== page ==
Having lived through this horrific wreck, and replaying it over and over in my mind (although my brain aches from the impact), I came to the realization that NPR is everything I hate about cycling. There is no comraderie. There is no joy. There is no fun. It is all about aggression and who thinks they have a bigger dick. The fact of the matter is that 75% of these “racers” would not last 3 laps on Telo. They would not last to Hawthorne on the Donut. And they would not last until La Cuesta on the Flog. I bring mention these 3 rides because they are not only they most difficult training rides in the South Bay, but they are also the most enjoyable. I learned how to race through corners at Telo. I learned how to bridge on the Donut. I learned how to mentally test and press at the Flog. At NPR, I learned how to ignore everyone’s bitching and yelling. Oh you think you’re a badass? Take a pull at NPR. Quit hiding for shit’s sake. Quit bitching the Big Orange takes over. You don’t like those tactics? Get to the front! Guess, what? They won’t. Yes, I’m angry. Simply because that wreck on Tues should never have happened. I was in the middle of the pack. How is that no one saw this mini boulder in the road? You know what? They did. And they ignored it. And people got hurt. Seriously hurt.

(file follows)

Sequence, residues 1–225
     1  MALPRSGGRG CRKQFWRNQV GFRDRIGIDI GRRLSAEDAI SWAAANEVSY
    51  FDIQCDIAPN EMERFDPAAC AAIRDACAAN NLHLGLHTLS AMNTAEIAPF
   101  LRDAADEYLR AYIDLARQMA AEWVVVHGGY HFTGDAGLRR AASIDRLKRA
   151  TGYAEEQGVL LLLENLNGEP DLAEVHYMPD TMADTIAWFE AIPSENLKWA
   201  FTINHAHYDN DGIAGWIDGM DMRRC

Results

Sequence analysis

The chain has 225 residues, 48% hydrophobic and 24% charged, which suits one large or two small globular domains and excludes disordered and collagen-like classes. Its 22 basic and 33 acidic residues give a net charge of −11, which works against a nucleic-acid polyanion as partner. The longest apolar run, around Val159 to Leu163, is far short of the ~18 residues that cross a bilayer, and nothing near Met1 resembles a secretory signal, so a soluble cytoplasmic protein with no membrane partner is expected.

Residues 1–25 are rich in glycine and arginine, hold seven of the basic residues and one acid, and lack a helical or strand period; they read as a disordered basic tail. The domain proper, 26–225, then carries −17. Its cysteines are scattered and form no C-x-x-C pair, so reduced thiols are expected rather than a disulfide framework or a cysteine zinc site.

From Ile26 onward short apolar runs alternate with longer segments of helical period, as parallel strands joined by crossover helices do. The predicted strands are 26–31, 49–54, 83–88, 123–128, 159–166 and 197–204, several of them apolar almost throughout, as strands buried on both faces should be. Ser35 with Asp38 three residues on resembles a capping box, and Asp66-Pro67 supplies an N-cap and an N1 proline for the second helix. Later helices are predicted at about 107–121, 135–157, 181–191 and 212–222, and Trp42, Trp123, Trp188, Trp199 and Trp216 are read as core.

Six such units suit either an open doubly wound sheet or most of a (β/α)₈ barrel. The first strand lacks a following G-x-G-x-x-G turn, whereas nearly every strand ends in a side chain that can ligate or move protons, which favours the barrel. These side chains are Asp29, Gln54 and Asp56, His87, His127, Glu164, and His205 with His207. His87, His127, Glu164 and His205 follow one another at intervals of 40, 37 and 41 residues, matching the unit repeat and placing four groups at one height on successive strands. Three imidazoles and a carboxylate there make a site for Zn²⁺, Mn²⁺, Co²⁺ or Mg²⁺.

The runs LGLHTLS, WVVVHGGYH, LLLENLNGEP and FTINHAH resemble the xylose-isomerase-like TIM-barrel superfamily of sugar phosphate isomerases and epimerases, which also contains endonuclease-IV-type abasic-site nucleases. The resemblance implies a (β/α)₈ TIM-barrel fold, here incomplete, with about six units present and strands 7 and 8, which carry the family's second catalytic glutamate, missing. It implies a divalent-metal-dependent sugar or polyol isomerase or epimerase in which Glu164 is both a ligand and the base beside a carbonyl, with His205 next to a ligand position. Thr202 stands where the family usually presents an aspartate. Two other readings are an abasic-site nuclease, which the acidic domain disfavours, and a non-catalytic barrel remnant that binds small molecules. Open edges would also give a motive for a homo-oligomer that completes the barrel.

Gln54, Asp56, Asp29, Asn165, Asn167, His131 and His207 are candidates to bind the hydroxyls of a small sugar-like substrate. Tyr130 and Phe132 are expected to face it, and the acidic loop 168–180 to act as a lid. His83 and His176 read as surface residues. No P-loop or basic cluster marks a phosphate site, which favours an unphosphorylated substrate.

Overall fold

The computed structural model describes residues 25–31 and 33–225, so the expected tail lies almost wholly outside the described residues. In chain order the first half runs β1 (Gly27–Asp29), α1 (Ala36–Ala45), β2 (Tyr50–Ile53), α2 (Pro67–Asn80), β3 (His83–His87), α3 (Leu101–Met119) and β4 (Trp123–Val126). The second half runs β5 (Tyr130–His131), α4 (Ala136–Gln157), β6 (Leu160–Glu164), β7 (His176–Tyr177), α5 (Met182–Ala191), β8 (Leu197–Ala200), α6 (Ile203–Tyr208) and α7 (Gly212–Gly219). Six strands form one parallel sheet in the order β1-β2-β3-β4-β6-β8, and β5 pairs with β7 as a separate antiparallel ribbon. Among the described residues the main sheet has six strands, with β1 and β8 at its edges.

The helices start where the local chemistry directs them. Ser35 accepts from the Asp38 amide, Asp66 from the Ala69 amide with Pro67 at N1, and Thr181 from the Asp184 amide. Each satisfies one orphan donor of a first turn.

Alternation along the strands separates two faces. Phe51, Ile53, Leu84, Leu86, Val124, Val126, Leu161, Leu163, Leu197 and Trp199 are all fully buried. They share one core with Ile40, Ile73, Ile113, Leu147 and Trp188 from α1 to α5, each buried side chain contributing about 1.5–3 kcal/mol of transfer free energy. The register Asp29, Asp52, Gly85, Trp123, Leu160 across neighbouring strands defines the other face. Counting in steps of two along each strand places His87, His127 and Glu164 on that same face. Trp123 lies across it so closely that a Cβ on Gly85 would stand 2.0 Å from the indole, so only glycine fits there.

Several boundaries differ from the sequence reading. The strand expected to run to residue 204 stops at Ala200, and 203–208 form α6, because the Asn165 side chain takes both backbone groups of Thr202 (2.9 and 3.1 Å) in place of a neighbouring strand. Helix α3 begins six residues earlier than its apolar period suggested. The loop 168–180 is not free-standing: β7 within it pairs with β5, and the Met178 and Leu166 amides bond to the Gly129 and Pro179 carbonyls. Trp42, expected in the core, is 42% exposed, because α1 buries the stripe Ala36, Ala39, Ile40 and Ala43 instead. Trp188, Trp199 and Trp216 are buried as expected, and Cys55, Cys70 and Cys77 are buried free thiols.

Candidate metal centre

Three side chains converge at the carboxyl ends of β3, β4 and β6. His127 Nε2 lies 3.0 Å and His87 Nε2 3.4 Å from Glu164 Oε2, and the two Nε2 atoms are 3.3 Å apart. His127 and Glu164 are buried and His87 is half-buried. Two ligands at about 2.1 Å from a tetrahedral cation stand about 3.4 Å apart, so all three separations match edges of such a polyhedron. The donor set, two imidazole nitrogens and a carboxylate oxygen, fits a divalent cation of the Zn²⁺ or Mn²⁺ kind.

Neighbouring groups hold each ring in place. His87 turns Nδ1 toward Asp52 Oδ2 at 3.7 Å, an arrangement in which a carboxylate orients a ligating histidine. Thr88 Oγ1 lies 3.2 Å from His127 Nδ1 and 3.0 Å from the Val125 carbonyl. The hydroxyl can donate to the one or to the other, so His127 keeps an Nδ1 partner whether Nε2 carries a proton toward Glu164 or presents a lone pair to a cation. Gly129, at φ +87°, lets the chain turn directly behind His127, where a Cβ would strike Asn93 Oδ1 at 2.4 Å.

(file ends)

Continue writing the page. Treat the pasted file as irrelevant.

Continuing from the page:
• fsethd says:

      Something’s gotta change, and that’s the problem. NPR meets so many people’s time requirements by allowing them to get in a fast paced ride before work.

      NPR meets so many people’s physical requirements. Even if you get dropped you can hop back in, and with practice you won’t get dropped.

      NPR meets people’s “wanna race” requirements. They get to compete against racers without having to race themselves and make that commitment of time, money, effort, ego, and risk.